Even more new features for AVE 2.3

We opened up a beta testing opportunity for upcoming Application Virtualization Explorer, version 2.3, a few weeks ago. In that post we also announced new features that the product has and which were already available in the beta as well.

While the new features mentioned will be getting a more detailed coverage in the upcoming weeks, I just wanted to write about additional new features which the beta does not support but which will be in the actual 2.3 release.

The features I want to discuss about in this post both relate to the App-V package MSI.

If you are unsure what MSI exactly I am referring to, it’s the one that you can generate alongside with the other App-V package files and can be used to deploy your App-V package into standalone clients, or clients that are not serviced from the traditional App-V Management Server or by using SCCM’s integrated App-V package delivery mechanism.

In AVE 2.3 there’s going to be two new MSI related options. These both only complement the normal MSI outputting and as such are not necessary for the correct functioning of the resulting MSI.

They can be configured from the newly structured Options dialog in AVE, pictured below, instead of the MSI section in Package Configuration screen because they both relate to all MSI packages rather than individual per-package version of the MSI file. And they can also be configured using AVE’s Group Policy Template file that we ship with the product, making it wasy for larger corporations to define correct settings once and for all.

New MSI settings in the Options dialog

The first one of the options relates to the template MSI AVE will use when outputting the package MSI file.

Historically we have been using the same template as Sequencer uses to maximize compatibility, only filling it up with the up-to-date package data (OSD, ICO and Manifest files, as well as updating appropriate MSI properties).

Now in AVE 2.3 you have the option of using your own template MSI for generation, which opens up the possibility for both customization of the visuals (if you want your own branding in the banners etc.) as well as fixing some of the known shortcomings in certain operations of the stock MSI file Sequencer uses, like described in the very thorough CSI-Windows’ article. You just set the path to the customized MSI file and AVE will use it for all package saves instead of the default one.

Since AVE has no understanding of the how MSI works internally, apart from knowing what properties to update and how to store those App-V package metadata files inside it in one CAB file, it is highly recommeded to take the default MSI file as a baseline and customize from there; adding or removing functionality as needed (all is done through custom actions in it).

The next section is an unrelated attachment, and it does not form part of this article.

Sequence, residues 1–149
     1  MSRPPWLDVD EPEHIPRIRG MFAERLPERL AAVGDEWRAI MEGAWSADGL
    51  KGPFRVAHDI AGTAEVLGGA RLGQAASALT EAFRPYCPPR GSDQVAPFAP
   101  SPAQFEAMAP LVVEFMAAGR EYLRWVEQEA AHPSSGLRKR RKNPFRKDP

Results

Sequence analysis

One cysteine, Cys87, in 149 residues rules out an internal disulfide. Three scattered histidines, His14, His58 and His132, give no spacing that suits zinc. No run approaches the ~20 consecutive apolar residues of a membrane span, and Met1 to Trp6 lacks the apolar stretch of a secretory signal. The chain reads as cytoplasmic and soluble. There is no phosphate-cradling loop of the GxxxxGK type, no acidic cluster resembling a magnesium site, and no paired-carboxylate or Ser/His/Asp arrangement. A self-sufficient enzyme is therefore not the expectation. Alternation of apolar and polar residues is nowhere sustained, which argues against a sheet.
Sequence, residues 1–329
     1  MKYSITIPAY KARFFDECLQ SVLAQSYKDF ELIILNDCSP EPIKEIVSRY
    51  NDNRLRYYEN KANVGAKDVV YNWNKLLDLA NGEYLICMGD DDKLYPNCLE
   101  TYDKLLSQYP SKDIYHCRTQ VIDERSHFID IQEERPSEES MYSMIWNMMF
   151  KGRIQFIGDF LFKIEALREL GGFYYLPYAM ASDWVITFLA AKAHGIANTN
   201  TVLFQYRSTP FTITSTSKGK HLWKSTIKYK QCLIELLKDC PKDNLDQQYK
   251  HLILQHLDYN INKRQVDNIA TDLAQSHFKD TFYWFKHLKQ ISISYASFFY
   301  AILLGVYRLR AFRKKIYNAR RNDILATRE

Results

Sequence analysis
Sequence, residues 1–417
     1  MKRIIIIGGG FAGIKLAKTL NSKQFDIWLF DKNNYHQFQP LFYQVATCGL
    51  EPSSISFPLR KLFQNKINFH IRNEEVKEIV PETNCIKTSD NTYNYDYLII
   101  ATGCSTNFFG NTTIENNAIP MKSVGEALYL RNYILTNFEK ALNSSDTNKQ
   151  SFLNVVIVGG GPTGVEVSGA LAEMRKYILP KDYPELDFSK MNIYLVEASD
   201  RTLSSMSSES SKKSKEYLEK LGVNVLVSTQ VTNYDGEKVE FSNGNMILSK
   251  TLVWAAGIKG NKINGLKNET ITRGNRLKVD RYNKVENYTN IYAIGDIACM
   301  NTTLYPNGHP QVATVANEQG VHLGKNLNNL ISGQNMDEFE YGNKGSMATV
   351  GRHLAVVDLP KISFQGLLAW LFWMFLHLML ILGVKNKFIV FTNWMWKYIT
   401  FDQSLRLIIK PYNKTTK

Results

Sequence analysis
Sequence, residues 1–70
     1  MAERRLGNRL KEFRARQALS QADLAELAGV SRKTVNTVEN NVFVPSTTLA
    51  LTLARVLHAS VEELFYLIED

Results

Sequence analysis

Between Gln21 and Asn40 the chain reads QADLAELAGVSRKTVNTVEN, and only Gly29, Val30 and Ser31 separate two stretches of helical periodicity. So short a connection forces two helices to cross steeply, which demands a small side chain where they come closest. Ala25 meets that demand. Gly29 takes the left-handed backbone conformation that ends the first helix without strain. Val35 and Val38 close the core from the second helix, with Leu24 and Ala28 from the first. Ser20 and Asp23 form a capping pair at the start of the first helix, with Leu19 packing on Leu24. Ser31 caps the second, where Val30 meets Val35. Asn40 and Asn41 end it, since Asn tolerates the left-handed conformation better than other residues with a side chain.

The second new feature supported by AVE 2.3 will be option to use custom digital signing for the generated MSI file.

If you have ever used digital signing of code (EXEs and DLLs, but MSI can be signed as well), you’ll know that after the signing any alteration to the signed file will invalidate the signature. That’s kind of the whole point of digital signing, after all! In the Microsoft world we use Authenticode certificates  for this purpose, and they are (usually, always?) delivered to you as PFX files which is the predecessor to a PKCS12 standard.

Now, it would be no good to sign your template file with the certificate because it would be invalidated the instance AVE updates its contents during save. For this reason the signing needs to be re-done each time the package is saved, and as a last step. For this purpose we added support for signing the resulting MSI file with your own code signing certificate. You just have to specify the path to the certificate file itself, password for it and the timestamping service to use (we pre-list Verisign’s or Comodo’s for you to select, it actually doesn’t require a certificate from those vendors for timestamping service to work). You also have to have Microsoft’s signtool -utility somewhere for AVE to found it, since we offload the signing process to it instead of doing all the very complex API calling ourselves (there’s not that much managed love for the purpose, provided in the base .NET framework).

So if you want to or need to have your App-V package MSIs digitally signed (Windows Installer tend to trust them more if you do), you can now integrate it into your workflow with AVE!

About Kalle Saunamäki

As one of the first four Microsoft App-V MVP's, Kalle has been doing application virtualization since 2003 and virtualization in general from 2000, and is a recognized in-depth technological expert in Microsoft application virtualization community.

View all posts by Kalle Saunamäki


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  1. Second beta for AVE 2.3 available, now | Gridmetric Blog - 07.12.2011

    […] adding some new features to and fixing newly discovered issues in a beta of upcoming Application Virtualization Explorer, […]

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